Lecture: Functionalism

Competing Paradigms: Functionalism

I. Differing sociological perspectives

A. The natural and social sciences, including sociology, understand the world in terms of paradigms.
There are three main theoretical perspectives in sociology that focus on two different levels of analysis.
1. Macro-level perspectives: These explanations focus on large-scale patterns of society.
2. Micro-level perspectives: These explanations focus on small-scale patterns of society

B. Sociology developed in the mid-19th century as a result of three factors:
1. Social Upheaval in Europe resulting from the Industrial Revolution; The shift from agriculture to factory production changed people's lives. People were forced off the land and moved to cities where they found anonymity, crowding, filth, and poverty. Work conditions were very bad. This great social change in Europe begged for explanation.
2. Imperialism (conquering other nations exposed people to differing cultures); This exposure to people of different cultures raised questions about why cultures differed.
3. The success of the natural sciences created a desire for answers about the social world as well. Chemistry and Physics were making large advances and so it seemed only logical to apply scientific methods to the social world

C. Hence, early theoretical paradigms sought to explain inequalities. So, when we think about the differing paradigms, we must answer two fundamental questions:
1. What are the basic assumptions about society underlying the theoretical perspective?
2. How does the theoretical perspective explain inequality?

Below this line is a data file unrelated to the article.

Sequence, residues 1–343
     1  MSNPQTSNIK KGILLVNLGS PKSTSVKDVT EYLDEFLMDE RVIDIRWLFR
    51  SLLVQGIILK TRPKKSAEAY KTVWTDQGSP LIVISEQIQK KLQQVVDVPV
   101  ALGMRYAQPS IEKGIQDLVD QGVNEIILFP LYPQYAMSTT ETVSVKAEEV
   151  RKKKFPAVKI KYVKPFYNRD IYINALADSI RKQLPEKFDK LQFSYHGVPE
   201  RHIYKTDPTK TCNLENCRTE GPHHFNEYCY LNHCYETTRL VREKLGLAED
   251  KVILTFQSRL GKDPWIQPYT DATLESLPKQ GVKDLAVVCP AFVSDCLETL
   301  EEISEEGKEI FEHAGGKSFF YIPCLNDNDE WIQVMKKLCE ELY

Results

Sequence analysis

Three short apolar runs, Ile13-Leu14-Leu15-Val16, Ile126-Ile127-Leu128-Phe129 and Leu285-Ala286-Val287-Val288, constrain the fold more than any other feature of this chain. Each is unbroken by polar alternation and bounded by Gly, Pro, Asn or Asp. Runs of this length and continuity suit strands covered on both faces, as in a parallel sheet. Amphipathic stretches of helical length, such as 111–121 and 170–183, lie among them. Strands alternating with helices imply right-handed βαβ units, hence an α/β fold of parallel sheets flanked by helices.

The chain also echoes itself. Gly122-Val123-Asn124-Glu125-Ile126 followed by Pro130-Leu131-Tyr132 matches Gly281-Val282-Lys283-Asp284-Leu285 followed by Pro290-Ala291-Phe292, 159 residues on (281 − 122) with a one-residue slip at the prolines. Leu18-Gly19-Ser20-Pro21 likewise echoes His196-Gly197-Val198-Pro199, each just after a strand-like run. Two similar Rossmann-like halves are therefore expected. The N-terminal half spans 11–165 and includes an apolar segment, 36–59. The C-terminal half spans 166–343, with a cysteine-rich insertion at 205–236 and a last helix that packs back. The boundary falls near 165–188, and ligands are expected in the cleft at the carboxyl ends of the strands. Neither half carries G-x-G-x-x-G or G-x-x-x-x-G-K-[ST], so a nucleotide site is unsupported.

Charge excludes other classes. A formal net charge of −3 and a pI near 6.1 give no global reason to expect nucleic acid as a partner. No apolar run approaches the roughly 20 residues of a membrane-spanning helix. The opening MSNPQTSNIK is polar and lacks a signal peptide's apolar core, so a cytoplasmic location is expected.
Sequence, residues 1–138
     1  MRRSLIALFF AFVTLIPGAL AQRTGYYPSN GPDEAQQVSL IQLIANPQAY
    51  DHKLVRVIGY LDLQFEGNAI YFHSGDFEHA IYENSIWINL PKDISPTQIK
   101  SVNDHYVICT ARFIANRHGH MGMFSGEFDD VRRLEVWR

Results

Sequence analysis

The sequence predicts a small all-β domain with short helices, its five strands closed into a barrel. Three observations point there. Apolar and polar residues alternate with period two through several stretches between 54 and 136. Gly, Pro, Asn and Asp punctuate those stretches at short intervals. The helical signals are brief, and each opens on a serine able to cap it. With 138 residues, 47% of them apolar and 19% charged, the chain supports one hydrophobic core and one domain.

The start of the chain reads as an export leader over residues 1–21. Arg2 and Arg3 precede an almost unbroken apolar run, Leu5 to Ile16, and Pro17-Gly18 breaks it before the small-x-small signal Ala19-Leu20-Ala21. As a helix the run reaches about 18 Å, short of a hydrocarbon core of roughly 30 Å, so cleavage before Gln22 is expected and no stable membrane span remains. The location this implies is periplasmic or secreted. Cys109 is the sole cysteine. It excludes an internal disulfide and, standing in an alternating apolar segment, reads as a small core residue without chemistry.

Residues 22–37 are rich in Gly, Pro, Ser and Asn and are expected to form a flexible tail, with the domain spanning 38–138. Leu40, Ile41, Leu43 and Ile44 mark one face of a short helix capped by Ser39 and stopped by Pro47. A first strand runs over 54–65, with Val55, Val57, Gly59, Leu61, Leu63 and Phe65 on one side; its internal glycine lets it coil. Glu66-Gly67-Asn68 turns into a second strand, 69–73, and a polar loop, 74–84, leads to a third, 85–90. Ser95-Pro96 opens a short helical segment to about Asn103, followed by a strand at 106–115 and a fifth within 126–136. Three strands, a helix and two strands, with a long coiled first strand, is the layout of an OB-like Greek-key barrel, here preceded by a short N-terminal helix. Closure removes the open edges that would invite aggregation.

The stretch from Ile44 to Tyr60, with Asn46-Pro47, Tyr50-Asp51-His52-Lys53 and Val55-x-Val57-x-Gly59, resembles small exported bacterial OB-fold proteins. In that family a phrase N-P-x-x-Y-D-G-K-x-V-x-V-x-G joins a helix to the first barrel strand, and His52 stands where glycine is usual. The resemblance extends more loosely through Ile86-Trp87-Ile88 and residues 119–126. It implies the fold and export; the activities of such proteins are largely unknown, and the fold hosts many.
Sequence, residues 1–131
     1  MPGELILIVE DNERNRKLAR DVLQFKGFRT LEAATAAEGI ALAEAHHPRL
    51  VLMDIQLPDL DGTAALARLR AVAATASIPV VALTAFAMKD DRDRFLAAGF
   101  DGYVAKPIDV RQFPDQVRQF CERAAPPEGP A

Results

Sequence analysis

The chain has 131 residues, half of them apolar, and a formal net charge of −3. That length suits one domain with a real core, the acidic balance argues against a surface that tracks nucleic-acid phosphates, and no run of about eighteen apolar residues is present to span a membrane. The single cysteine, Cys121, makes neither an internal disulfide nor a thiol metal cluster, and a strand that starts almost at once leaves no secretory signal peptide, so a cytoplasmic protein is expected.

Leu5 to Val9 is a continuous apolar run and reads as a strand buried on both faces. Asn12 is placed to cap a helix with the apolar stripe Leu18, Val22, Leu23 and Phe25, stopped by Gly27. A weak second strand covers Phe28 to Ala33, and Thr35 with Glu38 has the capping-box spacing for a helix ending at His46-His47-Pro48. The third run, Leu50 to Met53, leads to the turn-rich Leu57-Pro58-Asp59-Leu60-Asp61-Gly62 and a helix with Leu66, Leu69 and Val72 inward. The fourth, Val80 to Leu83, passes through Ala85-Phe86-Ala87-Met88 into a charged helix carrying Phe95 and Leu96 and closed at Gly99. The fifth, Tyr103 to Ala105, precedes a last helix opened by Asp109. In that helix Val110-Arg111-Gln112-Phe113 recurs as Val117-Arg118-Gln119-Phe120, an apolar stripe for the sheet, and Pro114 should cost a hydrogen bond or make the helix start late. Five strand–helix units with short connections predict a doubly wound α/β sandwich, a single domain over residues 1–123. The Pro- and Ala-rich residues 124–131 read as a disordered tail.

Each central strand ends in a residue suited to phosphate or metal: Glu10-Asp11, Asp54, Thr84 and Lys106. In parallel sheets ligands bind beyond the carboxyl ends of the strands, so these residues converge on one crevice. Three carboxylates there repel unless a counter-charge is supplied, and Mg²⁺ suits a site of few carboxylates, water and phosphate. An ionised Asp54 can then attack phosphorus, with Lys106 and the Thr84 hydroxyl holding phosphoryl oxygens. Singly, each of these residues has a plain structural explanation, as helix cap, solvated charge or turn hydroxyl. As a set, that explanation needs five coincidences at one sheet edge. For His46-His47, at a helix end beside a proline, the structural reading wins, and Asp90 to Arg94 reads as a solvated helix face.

II. Macro-level theoretical perspectives

1. Basic Assumptions
a. Society is a system
b. All of the parts are inter-connected
c. Social phenomena exist because they fulfill a function

2. Structure of the argument
a. What is the phenomena to be explained?
b. Identify a potential threat to the system (what would happen if this phenomena didn't exist?)
c. Identify the mechanism by which the target feature preserves the system (how does it all work?)

3. Example: Talcott Parsons on Education
Phenomena to be explained -
Inequalities exist in the educational system. Why do some students finish post-graduate work while others retain only a high-school education?
Potential threat -
Without inequalities, there would be an absence of motivation for individuals to fill society's most demanding and difficult positions and to work responsibly once in those positions.
Mechanism - sorting
Schools then, preserve the system (or stop the potential threat of poor motivation) by sorting individuals according to merit and giving the greatest rewards to those who stay the longest.

4. Criticisms of the functionalist perspective
a. It is difficult to assess the objective importance of a position in the system.
b. Certain aspects of inequality are not explainable by a positions importance. Rewards are not necessarily connected to a positions importance:
* There are many anomalies: ex. professional athletes/entertainers
* There is too much inequality: CEO's make 95 times a factory worker
* Inequality exists within the same positions: gender inequality
* What about inheritance?: where your parents were in the system effects where you end up.

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